Българските тъкани - традиции и развитие

The predominant stitch is the nodal and the main tone is orange. Vidin embroidery is typical with its miniatureness and geometric ornaments located on the bosom and cuffs of the shirt. The ornaments are asymmetrically and obliquely arranged. Its colors are pale pink and pale red, and sometimes pale yellow. Vidin embroidery is framed, and each ornament is placed in a positive frame. Samokov embroidery is characterized by plant ornaments that are symmetrically arranged. The predominant color is red, which is balanced with green, blue, yellow, brown. The inclined stitch in the Samokov and Dupnitsa embroidery is considered by some specialists to be an eastern (oriental) borrowing. The markings of the ornaments in the Bulgarian embroidery, as well as the technical techniques in it, indicate a deep native tradition, attested by foreign travelers who passed through Bulgaria during the period from the 16th to the 19th century. They were impressed by the rich and beautiful embroidery on the rough hemp fabric of women's shirts. The past of the Bulgarian embroidery is illuminated in a comparative ethnographic way. It is not insignificant the presence of the better or less well-preserved geometric embroidery, made with the pseudo-textile split stitch, as it is with almost all other Slavs. This speaks of an ancient all-Slavic technique. The strong geometrization and schematization in the embroidery leads to the same beginning. The great ornamental, colorful and compositional richness of this embroidery is not limited to this finding. However, there is no denying the legacy of the embroidery art of the proto-Bulgarians in some models in Southern Macedonia and Sofia, as well as a newer, oriental influence strongly transformed on Bulgarian soil.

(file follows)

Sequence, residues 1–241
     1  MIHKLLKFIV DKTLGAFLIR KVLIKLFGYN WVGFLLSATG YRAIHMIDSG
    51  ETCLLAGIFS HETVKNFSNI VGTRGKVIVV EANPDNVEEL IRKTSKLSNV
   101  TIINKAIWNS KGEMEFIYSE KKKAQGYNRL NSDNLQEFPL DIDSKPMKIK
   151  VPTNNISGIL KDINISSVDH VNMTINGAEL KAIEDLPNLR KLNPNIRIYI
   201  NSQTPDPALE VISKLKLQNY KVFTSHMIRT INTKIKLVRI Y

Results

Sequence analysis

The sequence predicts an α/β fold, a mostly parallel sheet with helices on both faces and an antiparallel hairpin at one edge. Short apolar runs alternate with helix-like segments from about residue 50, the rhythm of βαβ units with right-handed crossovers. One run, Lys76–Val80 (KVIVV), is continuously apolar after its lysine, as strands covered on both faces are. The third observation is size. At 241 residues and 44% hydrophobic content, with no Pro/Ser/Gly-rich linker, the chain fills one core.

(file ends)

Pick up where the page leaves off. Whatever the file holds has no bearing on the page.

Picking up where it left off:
Author: Stefan Bonev

Sources: Hr. Vakarelski, "Ethnography of Bulgaria"




Comments


bottom of page